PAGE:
Your Child Is At Risk for Mental Health Issues After a Disaster
After a disaster, children may experience anxiety, fear, sadness, sleep disruption, distressing dreams, irritability, difficulty concentrating, and anger outbursts. Learn the signs of children’s mental stress to help them cope after a disaster.
Experiencing a disaster can cause stress for families. Young children, under 8 years of age, are at particular risk for mental health issues. Some children may develop disorders like anxiety, depression, and post-traumatic stress disorder after a disaster. Stress and emotional problems affect children’s physical health, quality of life and how they do at home, in school, and in their communities. It is important to keep children mentally and physically safe both during and after a disaster. Parents who are able to recognize the signs of children’s mental stress can best help their children cope and remain healthy.
This year’s Mental Health Awareness Day, sponsored by SAMHSA, focuses on the importance of an integrated health approach to supporting children, youth, and young adults with serious emotional disturbance who have experienced trauma.
Why are children at risk for mental health issues after a disaster?
Mental stress from a disaster can be harder on children because they
- Understand less about the situation,
- Feel less able to control events, and
- Have less experience coping with difficult situations.
Disasters can be particularly hard on children who have experienced trauma in the past or already have a mental, emotional, developmental, or behavioral disorder before the event occurs.
How can parents and caregivers help children cope after a disaster?
- Give your children opportunities to talk about what they went through or what they think about it. Encourage them to share concerns and ask questions.
- Allow your children to be with you or another trusted adult who can help them feel safe, calm, connected, and give them a sense of hope.
- Limit exposure to mass media coverage of the disaster and its aftermath. Children who were directly exposed to a disaster can become upset again if they see or hear reminders of what happened.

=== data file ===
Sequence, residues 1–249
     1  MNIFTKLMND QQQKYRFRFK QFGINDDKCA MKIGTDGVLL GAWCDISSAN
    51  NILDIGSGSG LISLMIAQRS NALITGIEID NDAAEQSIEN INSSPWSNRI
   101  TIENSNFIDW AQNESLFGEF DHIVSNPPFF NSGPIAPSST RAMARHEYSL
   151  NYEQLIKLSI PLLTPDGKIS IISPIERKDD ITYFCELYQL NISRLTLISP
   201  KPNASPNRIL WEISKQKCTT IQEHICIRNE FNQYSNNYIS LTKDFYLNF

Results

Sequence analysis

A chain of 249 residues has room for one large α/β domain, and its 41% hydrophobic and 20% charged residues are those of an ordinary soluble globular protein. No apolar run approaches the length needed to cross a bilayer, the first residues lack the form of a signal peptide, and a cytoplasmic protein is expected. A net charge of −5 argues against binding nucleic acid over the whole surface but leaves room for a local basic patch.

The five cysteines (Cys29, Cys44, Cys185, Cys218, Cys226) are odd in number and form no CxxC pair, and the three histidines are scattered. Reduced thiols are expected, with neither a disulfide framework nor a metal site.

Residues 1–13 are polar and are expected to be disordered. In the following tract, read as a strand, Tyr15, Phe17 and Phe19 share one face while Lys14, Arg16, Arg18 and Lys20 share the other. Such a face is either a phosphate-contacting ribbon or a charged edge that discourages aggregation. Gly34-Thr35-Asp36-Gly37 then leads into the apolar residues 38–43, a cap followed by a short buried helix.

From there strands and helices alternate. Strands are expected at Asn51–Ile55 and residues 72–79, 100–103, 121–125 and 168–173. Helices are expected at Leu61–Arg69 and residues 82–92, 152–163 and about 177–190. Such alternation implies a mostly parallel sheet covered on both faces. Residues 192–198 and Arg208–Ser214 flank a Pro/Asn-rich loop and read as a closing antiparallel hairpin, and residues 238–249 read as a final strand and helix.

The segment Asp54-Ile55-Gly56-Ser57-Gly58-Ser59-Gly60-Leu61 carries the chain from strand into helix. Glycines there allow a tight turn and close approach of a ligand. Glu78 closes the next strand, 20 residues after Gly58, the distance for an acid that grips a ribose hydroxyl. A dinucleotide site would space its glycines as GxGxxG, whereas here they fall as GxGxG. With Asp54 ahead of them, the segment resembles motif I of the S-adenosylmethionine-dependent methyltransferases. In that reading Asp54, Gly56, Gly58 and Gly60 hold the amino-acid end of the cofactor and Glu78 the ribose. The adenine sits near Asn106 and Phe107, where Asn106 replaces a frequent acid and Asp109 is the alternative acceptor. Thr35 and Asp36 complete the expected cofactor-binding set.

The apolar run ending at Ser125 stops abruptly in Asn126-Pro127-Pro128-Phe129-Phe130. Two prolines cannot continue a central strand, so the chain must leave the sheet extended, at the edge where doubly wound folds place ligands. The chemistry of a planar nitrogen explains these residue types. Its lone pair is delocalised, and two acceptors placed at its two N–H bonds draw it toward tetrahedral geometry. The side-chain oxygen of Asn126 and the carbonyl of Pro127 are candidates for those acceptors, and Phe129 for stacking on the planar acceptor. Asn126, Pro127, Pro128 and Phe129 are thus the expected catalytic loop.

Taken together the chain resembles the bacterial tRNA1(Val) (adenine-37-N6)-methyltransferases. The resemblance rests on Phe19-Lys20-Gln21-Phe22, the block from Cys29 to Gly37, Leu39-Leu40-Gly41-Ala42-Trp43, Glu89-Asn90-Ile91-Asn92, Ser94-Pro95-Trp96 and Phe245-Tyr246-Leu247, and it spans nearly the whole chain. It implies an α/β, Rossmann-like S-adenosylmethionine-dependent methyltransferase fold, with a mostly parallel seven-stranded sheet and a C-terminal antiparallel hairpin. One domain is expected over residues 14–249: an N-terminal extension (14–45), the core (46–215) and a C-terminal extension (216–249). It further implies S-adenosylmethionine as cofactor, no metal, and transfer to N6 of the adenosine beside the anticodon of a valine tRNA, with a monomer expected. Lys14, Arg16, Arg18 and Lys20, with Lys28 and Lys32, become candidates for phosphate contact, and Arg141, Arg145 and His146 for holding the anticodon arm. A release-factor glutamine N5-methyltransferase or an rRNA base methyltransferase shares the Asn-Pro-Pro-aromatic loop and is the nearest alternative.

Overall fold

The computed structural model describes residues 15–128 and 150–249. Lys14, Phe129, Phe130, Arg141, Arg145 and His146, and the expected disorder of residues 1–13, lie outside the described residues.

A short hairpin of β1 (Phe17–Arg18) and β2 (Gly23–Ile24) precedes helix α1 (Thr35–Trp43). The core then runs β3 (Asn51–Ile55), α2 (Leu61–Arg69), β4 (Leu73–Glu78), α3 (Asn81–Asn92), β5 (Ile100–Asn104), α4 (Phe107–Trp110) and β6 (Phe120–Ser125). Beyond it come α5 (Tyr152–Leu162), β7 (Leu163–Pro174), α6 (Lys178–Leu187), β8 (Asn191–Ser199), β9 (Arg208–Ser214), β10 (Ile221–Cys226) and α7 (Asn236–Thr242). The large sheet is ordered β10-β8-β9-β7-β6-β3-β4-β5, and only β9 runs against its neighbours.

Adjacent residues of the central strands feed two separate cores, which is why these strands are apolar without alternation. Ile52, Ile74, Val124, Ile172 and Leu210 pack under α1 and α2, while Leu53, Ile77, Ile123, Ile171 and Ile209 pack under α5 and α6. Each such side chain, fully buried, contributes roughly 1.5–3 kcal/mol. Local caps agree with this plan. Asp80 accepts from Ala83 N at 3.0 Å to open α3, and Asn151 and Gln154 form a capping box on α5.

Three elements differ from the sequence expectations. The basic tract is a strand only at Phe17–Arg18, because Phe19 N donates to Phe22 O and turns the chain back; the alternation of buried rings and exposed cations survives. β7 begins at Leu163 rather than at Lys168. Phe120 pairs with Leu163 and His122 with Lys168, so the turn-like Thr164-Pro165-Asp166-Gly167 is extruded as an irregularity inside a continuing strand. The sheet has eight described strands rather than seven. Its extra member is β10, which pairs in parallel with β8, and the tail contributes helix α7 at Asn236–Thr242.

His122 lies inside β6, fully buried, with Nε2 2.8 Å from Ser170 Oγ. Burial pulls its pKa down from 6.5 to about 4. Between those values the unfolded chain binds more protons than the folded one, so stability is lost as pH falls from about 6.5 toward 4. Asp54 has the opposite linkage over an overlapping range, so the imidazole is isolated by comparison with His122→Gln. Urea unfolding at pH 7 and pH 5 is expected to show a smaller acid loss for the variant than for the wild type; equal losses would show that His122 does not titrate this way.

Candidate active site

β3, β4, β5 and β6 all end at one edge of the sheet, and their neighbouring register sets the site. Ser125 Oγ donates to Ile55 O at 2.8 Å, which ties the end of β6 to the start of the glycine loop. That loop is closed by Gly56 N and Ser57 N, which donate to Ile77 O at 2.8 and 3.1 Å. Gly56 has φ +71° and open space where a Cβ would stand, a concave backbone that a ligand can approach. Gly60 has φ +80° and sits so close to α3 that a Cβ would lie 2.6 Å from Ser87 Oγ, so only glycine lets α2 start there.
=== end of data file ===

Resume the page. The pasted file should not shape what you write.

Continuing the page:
- Encourage your children to take action directly related to the disaster. This can help them regain a sense of control and manage their feelings. For example, children can help others after a disaster, including volunteering to help community or family members in a safe environment. Children, especially young children, should NOT participate in disaster cleanup activities.
- Work with teachers and other adults, who see your children in different situations, to share information about how each child is coping.
When should you seek help from a professional?
Children may need continued mental health support for months or longer following a major disaster. Consider talking to a professional (e.g., pediatrician, school counselor, child psychologist, or someone who specializes in children’s emotional needs) if:
- Your child continues to be very upset (e.g., anxious, fearful, sad, angry) for more than 2-4 weeks after the disaster,
- Your child’s problems become worse over time instead of better,
- Your child’s reactions affect their schoolwork or relationships with friends or family
Helping a child cope with disaster can be challenging for parents. Any time you feel it is necessary, reach out for professional help and support for you and your child. The Substance Abuse and Mental Health Services Administration (SAMHSA) Behavioral Mental Health Treatment Services Locator can help you find support: 1-800-662-4357 or online at https://findtreatment.samhsa.gov/.
- Helping Children Cope With a Disaster (Public Health Matters blog)
- How are Children Different from Adults?
- Coping with a Disaster or Traumatic Event
- Helping Children Cope with Emergencies
- Children’s Mental Health
- Promoting Adjustment and Helping Children Cope
- Helping Children Cope (FEMA Ready)
- Helping Children and Adolescents Cope with Violence and Disasters: What Parents Can Do (Spanish version)
- Page last reviewed: May 7, 2018
- Page last updated: May 7, 2018
- Content source:
- National Center on Birth Defects and Developmental Disabilities
- Page maintained by: Office of the Associate Director for Communication, Digital Media Branch, Division of Public Affairs